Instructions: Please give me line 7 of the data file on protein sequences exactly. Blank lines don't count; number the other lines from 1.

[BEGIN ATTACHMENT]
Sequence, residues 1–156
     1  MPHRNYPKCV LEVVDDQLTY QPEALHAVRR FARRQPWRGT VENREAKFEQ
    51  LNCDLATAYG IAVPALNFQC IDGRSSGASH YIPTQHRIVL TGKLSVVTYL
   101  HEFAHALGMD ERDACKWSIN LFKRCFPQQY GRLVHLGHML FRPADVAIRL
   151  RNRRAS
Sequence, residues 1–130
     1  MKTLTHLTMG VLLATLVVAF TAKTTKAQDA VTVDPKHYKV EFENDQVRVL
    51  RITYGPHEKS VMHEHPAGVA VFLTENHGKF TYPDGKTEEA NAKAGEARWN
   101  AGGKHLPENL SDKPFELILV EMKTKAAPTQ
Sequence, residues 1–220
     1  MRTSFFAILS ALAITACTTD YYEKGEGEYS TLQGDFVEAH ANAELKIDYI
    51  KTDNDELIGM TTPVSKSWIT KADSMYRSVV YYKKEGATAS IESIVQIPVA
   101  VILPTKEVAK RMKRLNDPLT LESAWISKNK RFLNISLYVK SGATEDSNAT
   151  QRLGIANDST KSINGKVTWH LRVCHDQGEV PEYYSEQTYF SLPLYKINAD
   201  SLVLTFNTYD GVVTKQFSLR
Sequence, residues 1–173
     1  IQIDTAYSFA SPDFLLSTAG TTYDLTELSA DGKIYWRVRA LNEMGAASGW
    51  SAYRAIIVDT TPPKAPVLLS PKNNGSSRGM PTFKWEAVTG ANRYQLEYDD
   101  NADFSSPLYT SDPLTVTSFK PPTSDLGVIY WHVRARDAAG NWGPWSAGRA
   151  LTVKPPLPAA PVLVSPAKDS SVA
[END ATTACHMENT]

     1  MKTLTHLTMG VLLATLVVAF TAKTTKAQDA VTVDPKHYKV EFENDQVRVL